There are many remote locations around the world, and especially in the Pacific Rim “Ring of Fire,” where vast geothermal resources exist but with small local populations, and therefore limited need to utilize these resources to its full potential or have a means to fund the development. However, coupling this with green hydrogen, there is now a new model emerging that greatly increases the attractiveness of geothermal in remote areas.
This is not going unnoticed by the industry as well: the recent Halcyon Project in New Zealand has just been finished, which is a green hydrogen plant powered by local geothermal power. Other projects like Meager Creek Development Corporation in British Columbia are in planning, but there are also some extremely visionary organizations like Fortescue Future Industries who are laser-focused on bringing green hydrogen to the world and relying on massive amounts of geothermal energy to enable it.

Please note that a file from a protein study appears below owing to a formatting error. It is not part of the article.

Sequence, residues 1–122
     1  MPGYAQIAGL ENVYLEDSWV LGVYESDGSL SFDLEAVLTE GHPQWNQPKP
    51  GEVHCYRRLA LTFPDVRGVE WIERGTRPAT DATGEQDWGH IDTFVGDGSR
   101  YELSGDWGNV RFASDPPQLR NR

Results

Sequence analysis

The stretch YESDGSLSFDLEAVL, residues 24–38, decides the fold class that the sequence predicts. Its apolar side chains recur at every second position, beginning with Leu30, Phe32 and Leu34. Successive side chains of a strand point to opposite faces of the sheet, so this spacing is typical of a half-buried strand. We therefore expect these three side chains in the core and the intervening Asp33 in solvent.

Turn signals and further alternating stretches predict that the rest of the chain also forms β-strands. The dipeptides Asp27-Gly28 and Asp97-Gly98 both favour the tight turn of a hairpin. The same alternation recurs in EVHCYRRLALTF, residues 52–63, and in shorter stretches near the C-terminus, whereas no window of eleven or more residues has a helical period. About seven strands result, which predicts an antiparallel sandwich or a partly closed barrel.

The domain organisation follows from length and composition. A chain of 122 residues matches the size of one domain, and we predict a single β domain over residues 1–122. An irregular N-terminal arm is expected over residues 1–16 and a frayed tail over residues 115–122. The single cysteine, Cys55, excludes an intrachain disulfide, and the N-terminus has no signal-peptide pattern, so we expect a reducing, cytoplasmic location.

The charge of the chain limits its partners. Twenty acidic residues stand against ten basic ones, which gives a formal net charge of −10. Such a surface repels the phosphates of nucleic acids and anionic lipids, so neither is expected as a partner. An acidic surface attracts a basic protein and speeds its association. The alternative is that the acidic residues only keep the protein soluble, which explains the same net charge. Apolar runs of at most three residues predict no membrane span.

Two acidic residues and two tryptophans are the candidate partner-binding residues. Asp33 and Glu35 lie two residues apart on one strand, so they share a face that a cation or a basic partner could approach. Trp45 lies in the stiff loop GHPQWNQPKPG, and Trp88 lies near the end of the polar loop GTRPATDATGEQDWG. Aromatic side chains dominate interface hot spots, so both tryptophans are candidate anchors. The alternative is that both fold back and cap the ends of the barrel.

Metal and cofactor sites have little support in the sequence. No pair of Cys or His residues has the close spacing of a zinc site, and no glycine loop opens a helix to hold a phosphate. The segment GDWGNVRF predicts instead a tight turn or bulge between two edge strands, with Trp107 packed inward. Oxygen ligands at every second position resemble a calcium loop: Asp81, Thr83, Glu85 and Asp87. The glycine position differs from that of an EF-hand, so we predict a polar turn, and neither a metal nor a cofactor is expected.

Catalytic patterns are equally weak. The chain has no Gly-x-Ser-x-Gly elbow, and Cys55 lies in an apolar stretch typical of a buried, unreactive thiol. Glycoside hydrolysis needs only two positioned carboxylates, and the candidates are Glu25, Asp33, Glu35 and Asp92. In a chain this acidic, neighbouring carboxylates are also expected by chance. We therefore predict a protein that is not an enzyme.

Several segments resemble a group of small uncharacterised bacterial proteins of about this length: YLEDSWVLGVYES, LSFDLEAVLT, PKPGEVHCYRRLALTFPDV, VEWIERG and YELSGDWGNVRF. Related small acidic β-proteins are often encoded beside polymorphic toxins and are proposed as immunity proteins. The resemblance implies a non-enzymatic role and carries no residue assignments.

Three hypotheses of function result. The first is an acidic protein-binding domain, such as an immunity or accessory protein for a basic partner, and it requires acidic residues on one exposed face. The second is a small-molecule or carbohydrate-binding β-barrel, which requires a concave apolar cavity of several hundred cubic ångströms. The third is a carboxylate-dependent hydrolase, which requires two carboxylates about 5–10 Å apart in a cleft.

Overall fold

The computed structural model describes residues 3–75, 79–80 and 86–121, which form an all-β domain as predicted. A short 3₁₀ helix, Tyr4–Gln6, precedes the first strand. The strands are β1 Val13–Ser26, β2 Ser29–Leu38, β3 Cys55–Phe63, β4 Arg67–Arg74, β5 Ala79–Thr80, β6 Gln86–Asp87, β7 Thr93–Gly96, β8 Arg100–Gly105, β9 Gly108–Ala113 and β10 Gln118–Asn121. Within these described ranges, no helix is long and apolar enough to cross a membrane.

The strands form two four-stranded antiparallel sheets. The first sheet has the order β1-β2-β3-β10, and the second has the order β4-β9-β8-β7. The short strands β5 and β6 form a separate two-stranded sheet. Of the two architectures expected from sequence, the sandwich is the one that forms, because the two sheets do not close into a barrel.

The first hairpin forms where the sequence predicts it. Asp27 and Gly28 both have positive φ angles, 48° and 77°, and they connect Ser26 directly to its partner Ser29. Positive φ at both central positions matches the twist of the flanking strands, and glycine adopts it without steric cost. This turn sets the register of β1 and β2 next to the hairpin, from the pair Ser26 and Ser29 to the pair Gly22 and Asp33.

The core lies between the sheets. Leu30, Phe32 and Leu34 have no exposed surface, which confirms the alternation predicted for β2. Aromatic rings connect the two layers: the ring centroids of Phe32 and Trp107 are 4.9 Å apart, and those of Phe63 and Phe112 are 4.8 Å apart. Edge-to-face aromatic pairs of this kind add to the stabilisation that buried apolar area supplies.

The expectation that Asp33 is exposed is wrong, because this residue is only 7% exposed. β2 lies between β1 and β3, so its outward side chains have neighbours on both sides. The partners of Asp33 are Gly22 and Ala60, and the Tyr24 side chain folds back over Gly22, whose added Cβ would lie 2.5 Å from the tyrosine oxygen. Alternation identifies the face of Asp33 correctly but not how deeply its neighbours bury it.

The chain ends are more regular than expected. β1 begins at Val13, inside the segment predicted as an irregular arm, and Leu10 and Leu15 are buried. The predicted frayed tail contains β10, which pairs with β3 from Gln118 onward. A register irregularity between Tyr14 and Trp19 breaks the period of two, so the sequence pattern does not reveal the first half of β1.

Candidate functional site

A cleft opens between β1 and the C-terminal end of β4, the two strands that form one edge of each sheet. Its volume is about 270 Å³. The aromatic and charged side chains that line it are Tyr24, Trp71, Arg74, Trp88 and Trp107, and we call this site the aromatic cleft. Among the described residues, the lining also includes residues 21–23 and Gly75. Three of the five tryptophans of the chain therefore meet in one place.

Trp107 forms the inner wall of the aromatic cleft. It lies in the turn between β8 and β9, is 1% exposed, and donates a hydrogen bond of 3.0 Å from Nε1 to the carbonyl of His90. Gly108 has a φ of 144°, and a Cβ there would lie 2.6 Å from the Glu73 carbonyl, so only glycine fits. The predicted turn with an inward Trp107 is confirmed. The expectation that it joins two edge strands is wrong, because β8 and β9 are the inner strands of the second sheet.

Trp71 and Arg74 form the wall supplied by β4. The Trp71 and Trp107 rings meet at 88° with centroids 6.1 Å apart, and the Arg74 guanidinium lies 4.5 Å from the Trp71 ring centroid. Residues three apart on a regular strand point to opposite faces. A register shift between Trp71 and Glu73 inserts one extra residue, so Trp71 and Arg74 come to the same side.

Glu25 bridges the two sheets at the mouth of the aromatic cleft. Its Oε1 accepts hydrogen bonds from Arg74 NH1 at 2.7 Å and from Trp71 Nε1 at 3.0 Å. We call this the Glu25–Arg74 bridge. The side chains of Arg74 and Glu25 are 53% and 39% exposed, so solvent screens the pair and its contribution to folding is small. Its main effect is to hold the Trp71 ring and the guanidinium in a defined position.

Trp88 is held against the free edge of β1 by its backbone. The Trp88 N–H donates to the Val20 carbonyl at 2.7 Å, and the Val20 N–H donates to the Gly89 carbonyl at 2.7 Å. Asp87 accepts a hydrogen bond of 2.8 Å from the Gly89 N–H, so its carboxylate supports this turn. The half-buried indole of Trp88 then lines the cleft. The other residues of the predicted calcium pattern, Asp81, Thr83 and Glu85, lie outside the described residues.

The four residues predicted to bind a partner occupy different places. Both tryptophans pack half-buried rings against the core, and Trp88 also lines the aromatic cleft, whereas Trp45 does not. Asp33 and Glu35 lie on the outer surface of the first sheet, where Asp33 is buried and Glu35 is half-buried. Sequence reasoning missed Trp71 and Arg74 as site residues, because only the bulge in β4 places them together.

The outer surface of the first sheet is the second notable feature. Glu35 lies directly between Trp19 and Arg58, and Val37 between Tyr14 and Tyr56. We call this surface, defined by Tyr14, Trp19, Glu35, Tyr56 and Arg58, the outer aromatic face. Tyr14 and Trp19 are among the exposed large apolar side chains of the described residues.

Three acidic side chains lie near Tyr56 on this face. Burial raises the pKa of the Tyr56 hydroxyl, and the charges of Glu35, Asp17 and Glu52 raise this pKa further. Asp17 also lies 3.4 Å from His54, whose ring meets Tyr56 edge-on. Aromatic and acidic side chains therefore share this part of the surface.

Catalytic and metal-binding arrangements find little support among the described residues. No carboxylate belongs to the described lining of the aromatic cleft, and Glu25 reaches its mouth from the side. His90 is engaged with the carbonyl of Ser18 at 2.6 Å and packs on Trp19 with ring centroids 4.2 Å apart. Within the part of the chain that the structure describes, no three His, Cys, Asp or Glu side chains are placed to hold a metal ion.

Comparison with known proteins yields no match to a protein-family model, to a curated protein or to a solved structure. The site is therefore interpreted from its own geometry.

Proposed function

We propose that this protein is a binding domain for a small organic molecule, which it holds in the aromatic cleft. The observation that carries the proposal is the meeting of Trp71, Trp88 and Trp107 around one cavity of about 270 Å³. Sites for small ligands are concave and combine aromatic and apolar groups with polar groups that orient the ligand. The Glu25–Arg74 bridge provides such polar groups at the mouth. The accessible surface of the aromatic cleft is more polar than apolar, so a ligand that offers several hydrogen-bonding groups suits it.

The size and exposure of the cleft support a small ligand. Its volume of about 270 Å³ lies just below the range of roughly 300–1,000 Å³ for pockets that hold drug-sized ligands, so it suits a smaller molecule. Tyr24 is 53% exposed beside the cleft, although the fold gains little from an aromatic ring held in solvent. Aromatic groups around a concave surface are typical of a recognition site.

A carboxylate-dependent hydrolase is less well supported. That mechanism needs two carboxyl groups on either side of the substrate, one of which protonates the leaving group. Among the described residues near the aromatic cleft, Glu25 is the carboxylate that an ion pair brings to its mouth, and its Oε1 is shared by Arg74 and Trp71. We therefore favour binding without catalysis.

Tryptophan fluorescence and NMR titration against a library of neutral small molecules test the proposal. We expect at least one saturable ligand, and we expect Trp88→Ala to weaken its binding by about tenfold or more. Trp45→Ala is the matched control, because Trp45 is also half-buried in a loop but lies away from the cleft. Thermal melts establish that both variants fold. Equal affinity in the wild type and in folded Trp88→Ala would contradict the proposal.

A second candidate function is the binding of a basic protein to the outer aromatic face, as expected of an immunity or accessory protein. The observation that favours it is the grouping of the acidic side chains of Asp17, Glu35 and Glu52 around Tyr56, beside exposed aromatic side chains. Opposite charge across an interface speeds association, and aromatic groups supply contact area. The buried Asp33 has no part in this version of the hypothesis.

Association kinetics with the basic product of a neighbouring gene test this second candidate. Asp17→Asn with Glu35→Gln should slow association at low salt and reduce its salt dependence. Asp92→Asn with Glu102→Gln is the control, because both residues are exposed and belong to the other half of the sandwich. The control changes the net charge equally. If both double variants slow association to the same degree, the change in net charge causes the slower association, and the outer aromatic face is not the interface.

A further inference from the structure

Now that the possibilities of enabling a pseudo-commoditization of geothermal with green hydrogen are taking shape, how is the other primary challenge of development cost covered with this partnership? While there is government policy being implemented in many countries financing and supporting the development of green hydrogen, I’ll focus just on the USA as an example. The new Infrastructure and Jobs Act (IIJA) created an Office of Clean Energy Demonstrations, with a budget of about $21.5 billion dollars, designated to meet a set of 10 goals. While geothermal energy is not mentioned specifically, it can easily be interpreted that several areas of the funding could go to geothermal developments to help meet the greater goals.
Of that $21.5 billion budget, the largest portion, $8 billion, is designed for “Regional clean hydrogen hubs,” which is inclusive of the producers, consumers and infrastructure needed to build out the network. The Office has the goal of developing at least four hubs in different regions of the U.S., with at least one being a green hydrogen facility. (The others are blue hydrogen, fueled by splitting natural gas into hydrogen and CO2.)